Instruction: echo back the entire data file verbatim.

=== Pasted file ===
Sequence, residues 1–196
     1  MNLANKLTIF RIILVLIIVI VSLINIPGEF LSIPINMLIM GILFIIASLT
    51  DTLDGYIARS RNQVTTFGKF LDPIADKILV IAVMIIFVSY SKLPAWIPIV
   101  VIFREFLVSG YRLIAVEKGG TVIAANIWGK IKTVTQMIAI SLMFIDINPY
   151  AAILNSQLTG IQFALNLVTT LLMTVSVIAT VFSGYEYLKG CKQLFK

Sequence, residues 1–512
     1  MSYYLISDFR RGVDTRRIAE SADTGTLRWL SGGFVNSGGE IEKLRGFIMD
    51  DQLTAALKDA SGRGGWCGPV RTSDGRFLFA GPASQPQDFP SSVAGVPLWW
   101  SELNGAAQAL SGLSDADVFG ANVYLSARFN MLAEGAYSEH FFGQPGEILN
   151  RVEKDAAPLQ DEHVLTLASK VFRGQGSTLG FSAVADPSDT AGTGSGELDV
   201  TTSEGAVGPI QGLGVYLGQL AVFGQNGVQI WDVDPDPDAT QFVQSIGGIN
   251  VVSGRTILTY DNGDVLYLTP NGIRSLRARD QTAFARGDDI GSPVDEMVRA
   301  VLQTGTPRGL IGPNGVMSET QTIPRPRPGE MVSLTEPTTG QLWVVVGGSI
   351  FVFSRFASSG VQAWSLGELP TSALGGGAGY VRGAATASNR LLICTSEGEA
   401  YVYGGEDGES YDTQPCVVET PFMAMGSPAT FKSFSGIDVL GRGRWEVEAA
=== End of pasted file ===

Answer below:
Sequence, residues 1–196
     1  MNLANKLTIF RIILVLIIVI VSLINIPGEF LSIPINMLIM GILFIIASLT
    51  DTLDGYIARS RNQVTTFGKF LDPIADKILV IAVMIIFVSY SKLPAWIPIV
   101  VIFREFLVSG YRLIAVEKGG TVIAANIWGK IKTVTQMIAI SLMFIDINPY
   151  AAILNSQLTG IQFALNLVTT LLMTVSVIAT VFSGYEYLKG CKQLFK

Sequence, residues 1–512
     1  MSYYLISDFR RGVDTRRIAE SADTGTLRWL SGGFVNSGGE IEKLRGFIMD
    51  DQLTAALKDA SGRGGWCGPV RTSDGRFLFA GPASQPQDFP SSVAGVPLWW
   101  SELNGAAQAL SGLSDADVFG ANVYLSARFN MLAEGAYSEH FFGQPGEILN
   151  RVEKDAAPLQ DEHVLTLASK VFRGQGSTLG FSAVADPSDT AGTGSGELDV
   201  TTSEGAVGPI QGLGVYLGQL AVFGQNGVQI WDVDPDPDAT QFVQSIGGIN
   251  VVSGRTILTY DNGDVLYLTP NGIRSLRARD QTAFARGDDI GSPVDEMVRA
   301  VLQTGTPRGL IGPNGVMSET QTIPRPRPGE MVSLTEPTTG QLWVVVGGSI
   351  FVFSRFASSG VQAWSLGELP TSALGGGAGY VRGAATASNR LLICTSEGEA
   401  YVYGGEDGES YDTQPCVVET PFMAMGSPAT FKSFSGIDVL GRGRWEVEAA